A little known facts I learned: the top of the Wallace Tunnel is 55 feet below sea level and ship clearance over the tunnel can be about a foot.  Not much room to error.

Climbing back up the step was much better.  That was truly an awesome fieldtrip.  If  you get the chance to go, ask for Felix as your tour guide.

Blue Buttons

Blue Buttons are washing up on the Gulf Shores beaches this weekend.

The are related somewhat to Portugese man-o-war as they are in the class Hydrozoa and phylum Cnidaria.

They are so cool and on my list of things to find on the beach and add to my collection. Since I probably won’t get to the beach this week, a friend of mine is bringing me some.

Blue Buttons have a small disk-like float surrounded by tentacles. They float on the water and capture zooids in their tentacles and feed off of them.  They are not jellyfish (very distantly related through their phylum), but their tentacles may cause irritation to some people.  Be cautious but I say “may cause irritation” because some people are not bothered by it.  I had been on a 4H trip with my children and the marine biologist with us explained that a certain jellyfish we were looking at was safe to touch; only rarely did some people get a small irritation.  I witnessed then a child become irritated and rashed by the jelly; no one else in the group touching it did. 

Relatives of Blue Buttons that I do have in my collection include: Portuguese Man-o-War and By-the-wind Sailors.  These I found on the east coast of Florida (Singer Island) late November.  They tend to beach themselves in the winter months.  Be careful if you see them.  Their tentacles, which can be as long as 150 feet, can still sting you and it’s very painful.  Meat tenderizer, urine or an Urgent Care facility can treat the pain.

Speaking of blue-ish marine creatures that float, I also have in my collection several Purple Sea Snails.  I thought I’d never find one so I bought a shell while in Sanibel a couple years ago.  A few months later, visiting my in-laws on Singer Island in November, we found dozens of them washed up.  Purple Sea Snails are not related to Blue Buttons, Portuguese Man-o-War or By-the-wind Sailors; they prey upon and eat them.  Yup, these three stinging, tentacled beauties have to watch out for a little snail.  Purple Sea Snails float in the Atlantic and Gulf of Mexico by making a mucous bubble that keeps them boyant.  When they find any of these three hydrozoans, they attach themselves and eat away.  When the meal is over they’ll make another mucous bubble and float around again.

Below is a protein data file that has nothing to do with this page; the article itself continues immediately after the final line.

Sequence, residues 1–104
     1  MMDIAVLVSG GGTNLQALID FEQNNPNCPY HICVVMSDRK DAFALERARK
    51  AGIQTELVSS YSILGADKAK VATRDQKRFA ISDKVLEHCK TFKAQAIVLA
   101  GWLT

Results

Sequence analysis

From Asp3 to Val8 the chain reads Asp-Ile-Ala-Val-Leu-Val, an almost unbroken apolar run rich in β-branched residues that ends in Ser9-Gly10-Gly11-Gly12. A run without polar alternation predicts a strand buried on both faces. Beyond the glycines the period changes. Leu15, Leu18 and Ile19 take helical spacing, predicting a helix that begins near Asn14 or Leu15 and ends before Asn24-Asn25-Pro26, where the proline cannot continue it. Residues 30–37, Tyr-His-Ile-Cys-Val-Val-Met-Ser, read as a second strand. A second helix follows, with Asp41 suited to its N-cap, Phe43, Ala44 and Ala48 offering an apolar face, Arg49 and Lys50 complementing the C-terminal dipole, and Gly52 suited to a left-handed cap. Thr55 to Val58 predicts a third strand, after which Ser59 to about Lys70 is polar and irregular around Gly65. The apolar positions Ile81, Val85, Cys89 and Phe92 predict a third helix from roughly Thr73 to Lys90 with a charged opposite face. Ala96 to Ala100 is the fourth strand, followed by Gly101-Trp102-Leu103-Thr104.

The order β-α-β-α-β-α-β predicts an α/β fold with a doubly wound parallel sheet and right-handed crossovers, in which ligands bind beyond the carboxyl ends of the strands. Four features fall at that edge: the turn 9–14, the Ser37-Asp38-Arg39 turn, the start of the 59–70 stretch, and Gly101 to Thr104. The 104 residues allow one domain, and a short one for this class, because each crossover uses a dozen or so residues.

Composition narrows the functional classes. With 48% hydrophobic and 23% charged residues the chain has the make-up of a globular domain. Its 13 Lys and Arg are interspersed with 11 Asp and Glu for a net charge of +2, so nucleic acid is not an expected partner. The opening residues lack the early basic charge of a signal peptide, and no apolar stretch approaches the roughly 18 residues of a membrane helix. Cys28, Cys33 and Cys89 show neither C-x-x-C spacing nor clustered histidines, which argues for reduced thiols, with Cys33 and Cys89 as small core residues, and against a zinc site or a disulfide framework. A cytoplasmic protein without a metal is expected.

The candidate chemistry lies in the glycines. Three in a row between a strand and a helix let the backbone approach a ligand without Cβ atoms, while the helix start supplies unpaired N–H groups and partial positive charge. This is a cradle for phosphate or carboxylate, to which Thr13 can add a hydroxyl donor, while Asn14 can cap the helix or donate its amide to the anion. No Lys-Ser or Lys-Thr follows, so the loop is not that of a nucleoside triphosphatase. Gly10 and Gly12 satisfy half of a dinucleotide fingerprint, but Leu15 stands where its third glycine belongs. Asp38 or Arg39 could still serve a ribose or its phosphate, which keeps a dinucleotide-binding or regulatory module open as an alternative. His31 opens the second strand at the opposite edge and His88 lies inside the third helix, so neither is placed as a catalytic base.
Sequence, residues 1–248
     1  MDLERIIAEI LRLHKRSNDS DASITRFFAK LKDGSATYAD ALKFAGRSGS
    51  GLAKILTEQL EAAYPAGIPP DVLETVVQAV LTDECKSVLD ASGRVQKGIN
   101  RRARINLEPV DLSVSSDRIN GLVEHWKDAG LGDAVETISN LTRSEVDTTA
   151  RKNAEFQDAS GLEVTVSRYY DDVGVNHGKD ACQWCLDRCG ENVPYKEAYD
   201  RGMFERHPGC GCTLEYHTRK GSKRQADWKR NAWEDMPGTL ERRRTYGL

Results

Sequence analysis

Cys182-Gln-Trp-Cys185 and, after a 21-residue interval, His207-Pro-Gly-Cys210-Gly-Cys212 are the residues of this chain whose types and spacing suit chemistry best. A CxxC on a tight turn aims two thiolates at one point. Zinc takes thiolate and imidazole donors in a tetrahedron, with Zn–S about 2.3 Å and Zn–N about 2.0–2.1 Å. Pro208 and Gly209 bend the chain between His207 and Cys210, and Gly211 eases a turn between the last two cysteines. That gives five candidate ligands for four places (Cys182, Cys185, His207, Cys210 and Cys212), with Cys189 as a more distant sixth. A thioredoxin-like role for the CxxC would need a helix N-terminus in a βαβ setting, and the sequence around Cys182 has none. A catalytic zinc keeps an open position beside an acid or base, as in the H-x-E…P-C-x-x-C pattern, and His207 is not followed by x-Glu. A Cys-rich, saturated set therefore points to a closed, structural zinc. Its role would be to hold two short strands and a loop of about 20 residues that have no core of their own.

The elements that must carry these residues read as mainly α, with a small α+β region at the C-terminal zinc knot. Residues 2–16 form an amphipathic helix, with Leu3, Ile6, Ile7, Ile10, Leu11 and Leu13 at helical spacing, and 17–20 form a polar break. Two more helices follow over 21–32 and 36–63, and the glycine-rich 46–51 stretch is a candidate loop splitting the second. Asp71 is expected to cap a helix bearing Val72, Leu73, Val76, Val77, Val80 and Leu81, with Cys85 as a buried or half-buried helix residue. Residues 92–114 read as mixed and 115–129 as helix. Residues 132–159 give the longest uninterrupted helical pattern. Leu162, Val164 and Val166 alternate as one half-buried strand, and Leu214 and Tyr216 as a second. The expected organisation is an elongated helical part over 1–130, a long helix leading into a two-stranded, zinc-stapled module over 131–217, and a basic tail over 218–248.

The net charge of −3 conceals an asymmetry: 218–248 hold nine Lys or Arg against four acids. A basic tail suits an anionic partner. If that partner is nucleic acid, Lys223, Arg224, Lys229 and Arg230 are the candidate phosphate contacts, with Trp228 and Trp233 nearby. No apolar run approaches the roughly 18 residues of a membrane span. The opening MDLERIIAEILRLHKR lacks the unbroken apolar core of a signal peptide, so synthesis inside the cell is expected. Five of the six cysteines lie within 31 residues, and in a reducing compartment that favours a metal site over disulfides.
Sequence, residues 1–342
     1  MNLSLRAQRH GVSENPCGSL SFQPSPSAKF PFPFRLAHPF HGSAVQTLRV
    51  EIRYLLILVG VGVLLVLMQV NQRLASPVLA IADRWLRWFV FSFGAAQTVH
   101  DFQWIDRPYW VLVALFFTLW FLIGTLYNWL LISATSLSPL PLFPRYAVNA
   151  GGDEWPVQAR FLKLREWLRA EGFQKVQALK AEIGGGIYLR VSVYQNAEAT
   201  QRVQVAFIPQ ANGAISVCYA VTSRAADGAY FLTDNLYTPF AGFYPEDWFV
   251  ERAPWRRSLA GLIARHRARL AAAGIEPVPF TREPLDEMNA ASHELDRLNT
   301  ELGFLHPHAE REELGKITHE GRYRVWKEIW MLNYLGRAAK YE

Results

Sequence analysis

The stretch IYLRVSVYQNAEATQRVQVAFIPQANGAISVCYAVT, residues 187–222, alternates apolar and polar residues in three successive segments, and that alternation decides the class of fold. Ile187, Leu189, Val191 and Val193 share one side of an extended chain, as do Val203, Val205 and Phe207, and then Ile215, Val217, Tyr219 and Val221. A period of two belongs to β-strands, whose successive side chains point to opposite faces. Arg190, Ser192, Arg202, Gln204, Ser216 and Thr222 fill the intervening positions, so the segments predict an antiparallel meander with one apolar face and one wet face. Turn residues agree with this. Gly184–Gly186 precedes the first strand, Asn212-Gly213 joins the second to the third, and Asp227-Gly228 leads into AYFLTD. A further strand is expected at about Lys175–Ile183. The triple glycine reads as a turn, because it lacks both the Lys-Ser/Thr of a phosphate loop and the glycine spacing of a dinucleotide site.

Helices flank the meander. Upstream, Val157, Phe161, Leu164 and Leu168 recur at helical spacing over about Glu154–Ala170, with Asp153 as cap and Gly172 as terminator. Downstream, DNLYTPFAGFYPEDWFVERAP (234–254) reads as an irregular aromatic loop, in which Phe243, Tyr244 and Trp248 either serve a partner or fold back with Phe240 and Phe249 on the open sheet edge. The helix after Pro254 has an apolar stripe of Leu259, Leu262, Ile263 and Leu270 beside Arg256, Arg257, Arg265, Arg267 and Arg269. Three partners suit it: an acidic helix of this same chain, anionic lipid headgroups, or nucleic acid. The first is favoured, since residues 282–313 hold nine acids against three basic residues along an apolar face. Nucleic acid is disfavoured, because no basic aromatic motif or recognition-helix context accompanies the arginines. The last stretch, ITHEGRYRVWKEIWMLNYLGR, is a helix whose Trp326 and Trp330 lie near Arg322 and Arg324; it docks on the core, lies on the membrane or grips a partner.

I’m looking forward to our trip to Singer Island this year and I can’t wait to examine the Blue Button my friend brings me.  I’ll add a picture to this article as soon as I can.

Coastal Cleanup 2010

Today was International Coastal Cleanup Day.  Once again we helped out and chose the same location as last year.  I remember 20 people spending a solid 4 hours cleaning the shoreline, the jetty and the parking lot at the marina.

Well, this year was different.  It took 5 of us 30 minutes to complete the same task. 

I’m not sure people in general were neater this year but we did have our shoreline surrounded by boom because of the oil spilling into the Gulf this summer.  The whole coast line  from Orange Beach up into the Mobile Bay, then around and down the other side to the Mississippi/Alabama state line was protected from oil and trash floating in the water.  There wasn’t much boating activity either and hardly a storm to push the trash inland.  What a difference from last year.

I’m always happy to help on this day but the oil spill caused a bunch of things to change.  No one was cleaning on the beachs, I’m told, and the opportunities to clean in Fairhope included city parks and playgrounds which have no coast, and street walkways which have no coast.

Nature Notes 9/16/10

I love to write in my journal (although I’ve been too busy lately so my notes are short) and haven’t had time to blog. Here’s what I’ve missed blogging about: